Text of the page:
FAR FROM HEAVEN written and directed by Todd Haynes, produced by Christine Vachon and Jody Patton, with Julianne Moore, Dennis Quaid, Dennis Haysbert and Patricia Clarkson. 107 minutes. A Focus production. An Odeon release. Opens Friday (November 8). For venues and times, see First-Run Movies, page 88. Rating: NNN Rating: NNN
todd haynes is a stylistic cha-meleon. Just look at the empty Modernist frames of Safe, the parodic soup of Poison, the 70s grit and glitter of Velvet Goldmine.His new film, Far From Heaven, perched somewhere between precise parody and purposeful homage, represents a very strange attempt to swallow whole the style of another filmmaker.
With its flawless autumnal colours and conspicuous art direction, it's an uncredited remake of Douglas Sirk's 1955 film All That Heaven Allows, one of a series of melodramas Sirk crafted for Universal, including Written On The Wind, Magnificent Obsession, Imitation Of Life and The Tarnished Angels. We might note, too, that it's the second uncredited remake of the film, after Rainer Werner Fassbinder's Ali: Fear Eats The Soul.
A huge influence on Fassbinder, Sirk's films enjoyed a great critical revival in the 70s, part of an intensive critical re-examination of the melodrama as a form. That revival seemed in remission, despite Criterion editions of Written On The Wind and All That Heaven Allows and a promised Universal special edition of Imitation Of Life in the new year.
The basic plot involves a Connecticut matron -- Jane Wyman, widowed in the original; Julianne Moore, married to a man (Dennis Quaid) with a dark sexual secret in the new one -- who implausibly becomes romantically entangled with her gardener. This is unlikely in the original because Rock Hudson is much younger and not part of the country club set, and in the remake because Dennis Haysbert is black.
I can't for the life of me figure out the point of the movie. It's like watching something written and shot in ancient Aramaic. Haynes is working in a dead cinematic language, the studio-bound perfection of Universal in the late 50s. It's not just that nobody makes films like this any more, but that nobody but hardcore film geeks -- really eccentric geeks at that -- watches films like this any more.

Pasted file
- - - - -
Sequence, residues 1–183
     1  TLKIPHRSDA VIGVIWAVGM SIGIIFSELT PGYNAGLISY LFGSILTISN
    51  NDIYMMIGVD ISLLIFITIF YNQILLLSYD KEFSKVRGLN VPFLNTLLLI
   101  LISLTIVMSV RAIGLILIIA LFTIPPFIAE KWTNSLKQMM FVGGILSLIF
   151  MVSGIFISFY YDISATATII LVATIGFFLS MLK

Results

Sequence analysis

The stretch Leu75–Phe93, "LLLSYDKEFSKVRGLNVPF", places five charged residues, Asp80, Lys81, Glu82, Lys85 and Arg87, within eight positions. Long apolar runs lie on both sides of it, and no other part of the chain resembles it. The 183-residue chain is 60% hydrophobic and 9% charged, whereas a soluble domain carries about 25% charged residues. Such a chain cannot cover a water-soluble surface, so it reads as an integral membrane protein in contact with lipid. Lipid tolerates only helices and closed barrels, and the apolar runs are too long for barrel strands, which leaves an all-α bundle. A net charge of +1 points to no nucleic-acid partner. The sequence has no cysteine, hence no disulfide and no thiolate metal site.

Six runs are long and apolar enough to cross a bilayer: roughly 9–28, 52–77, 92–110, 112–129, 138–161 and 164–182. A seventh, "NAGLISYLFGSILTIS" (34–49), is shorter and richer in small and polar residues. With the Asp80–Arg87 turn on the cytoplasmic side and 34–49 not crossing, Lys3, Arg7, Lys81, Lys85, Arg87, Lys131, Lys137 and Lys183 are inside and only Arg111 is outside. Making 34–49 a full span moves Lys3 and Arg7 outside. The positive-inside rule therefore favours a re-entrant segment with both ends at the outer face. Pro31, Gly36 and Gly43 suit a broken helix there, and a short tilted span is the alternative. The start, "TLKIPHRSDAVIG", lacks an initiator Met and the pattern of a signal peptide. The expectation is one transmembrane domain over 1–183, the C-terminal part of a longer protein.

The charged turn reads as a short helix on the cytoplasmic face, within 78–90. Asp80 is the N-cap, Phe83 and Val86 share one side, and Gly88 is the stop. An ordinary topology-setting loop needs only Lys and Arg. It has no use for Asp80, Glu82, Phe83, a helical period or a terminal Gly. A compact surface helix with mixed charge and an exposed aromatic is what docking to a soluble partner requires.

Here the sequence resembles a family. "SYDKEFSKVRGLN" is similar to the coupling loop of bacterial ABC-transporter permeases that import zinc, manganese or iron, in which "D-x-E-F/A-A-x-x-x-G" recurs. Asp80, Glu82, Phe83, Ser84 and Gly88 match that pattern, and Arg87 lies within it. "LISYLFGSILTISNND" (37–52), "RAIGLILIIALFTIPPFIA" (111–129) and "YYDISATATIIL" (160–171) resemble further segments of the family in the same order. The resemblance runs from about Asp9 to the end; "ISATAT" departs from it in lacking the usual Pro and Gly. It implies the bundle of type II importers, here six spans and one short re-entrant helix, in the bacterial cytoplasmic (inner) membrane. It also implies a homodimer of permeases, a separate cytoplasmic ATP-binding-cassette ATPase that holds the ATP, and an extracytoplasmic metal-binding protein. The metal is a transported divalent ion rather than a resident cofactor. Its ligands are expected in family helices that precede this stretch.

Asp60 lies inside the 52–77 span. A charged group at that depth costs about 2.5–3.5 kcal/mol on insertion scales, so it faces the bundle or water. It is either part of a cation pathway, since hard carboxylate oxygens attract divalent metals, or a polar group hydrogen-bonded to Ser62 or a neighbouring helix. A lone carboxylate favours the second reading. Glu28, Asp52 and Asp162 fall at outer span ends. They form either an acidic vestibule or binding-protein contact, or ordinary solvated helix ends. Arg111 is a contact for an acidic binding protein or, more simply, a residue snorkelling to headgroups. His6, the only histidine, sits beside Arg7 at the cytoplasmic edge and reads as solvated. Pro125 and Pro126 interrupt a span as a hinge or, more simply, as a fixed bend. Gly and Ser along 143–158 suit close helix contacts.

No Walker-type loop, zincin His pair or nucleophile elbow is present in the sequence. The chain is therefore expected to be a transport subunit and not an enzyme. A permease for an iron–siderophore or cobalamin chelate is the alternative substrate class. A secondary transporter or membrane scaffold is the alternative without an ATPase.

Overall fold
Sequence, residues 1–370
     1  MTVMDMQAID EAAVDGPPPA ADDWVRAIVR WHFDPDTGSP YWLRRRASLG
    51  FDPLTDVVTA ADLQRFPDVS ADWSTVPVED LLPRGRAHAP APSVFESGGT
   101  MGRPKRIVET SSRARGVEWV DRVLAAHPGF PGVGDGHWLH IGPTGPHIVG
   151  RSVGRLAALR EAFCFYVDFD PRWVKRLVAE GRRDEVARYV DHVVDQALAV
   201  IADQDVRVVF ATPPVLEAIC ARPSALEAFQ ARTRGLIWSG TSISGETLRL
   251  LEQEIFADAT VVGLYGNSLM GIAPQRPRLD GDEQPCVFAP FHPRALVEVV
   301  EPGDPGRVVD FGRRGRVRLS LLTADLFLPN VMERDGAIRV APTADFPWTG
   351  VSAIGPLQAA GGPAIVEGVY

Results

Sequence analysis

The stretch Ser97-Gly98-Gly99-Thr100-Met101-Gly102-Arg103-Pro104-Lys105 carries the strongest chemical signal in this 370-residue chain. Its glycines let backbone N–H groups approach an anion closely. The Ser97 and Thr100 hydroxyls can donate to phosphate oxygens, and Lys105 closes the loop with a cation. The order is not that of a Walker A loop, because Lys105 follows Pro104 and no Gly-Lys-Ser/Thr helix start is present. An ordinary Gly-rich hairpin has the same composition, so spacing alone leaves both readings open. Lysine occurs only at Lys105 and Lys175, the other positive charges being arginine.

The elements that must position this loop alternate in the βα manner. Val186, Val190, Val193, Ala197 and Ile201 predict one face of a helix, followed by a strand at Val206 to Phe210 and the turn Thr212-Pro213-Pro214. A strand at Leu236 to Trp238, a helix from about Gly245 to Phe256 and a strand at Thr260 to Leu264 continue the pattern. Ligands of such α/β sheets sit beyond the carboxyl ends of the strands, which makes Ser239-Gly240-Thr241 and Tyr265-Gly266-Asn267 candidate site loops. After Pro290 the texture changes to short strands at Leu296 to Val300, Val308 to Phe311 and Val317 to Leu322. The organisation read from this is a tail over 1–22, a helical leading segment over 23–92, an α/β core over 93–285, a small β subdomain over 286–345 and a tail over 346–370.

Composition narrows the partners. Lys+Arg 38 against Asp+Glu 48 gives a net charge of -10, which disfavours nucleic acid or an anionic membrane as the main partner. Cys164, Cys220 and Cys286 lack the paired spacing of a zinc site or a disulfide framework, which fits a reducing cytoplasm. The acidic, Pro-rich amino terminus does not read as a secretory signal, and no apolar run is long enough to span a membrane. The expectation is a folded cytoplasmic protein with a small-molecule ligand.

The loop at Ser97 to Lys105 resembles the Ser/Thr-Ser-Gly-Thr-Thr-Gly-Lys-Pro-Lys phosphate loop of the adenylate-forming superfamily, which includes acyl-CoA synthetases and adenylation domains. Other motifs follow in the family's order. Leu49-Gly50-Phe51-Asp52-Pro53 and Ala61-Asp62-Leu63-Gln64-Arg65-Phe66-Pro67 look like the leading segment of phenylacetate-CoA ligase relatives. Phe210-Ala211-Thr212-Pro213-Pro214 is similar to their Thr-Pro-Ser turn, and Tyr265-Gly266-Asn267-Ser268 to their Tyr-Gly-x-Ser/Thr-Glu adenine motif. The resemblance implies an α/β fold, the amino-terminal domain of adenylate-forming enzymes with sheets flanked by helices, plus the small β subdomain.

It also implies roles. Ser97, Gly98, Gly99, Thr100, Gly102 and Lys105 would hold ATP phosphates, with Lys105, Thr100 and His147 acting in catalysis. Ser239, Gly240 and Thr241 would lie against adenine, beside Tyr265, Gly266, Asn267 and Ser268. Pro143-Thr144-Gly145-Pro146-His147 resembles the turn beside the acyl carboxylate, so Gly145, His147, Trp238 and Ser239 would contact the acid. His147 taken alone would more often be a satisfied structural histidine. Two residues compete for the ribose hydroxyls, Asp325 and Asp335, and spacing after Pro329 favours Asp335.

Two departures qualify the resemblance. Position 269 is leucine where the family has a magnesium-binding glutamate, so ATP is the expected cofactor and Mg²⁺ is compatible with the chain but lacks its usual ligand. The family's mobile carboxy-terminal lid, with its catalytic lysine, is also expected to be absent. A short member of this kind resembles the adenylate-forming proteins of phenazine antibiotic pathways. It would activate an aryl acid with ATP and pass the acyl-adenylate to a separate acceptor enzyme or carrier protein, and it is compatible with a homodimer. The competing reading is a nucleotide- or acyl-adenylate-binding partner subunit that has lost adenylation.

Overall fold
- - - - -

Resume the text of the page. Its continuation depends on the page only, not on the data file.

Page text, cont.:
Haynes approaches the film's "issues," gender and race, aesthetically, as they might have been dealt with in the 50s, rather than realistically. Sirk, too, dealt with both subjects obliquely, in Robert Stack's character in Written On The Wind and in the idea of a black character "passing" for white in Imitation Of Life, itself a remake of a 30s film.
Haynes doesn't seem to be treating the material ironically, except insofar as Sirk's style, with its Brechtian pauses and use of reflecting surfaces to comment on the action, is itself ironic. Fassbinder did the same thing -- though only rarely, as in Chinese Roulette, did he go for the full Sirkian style. Of course, his budgets wouldn't have allowed it either.
Julianne Moore's performance is stunning. She's utterly absorbed the restrained anguish inherent in the style of the period, and she certainly does not treat the material ironically, which is the secret, of course, to the style.
The cast cannot appear to be in on the joke. If, indeed, it is a joke.
Far From Heaven is a perversely fascinating film, but not a great one. It is to Haynes's career what Psycho is to Gus Van Sant's, a bizarre stylistic dead end. firstname.lastname@example.org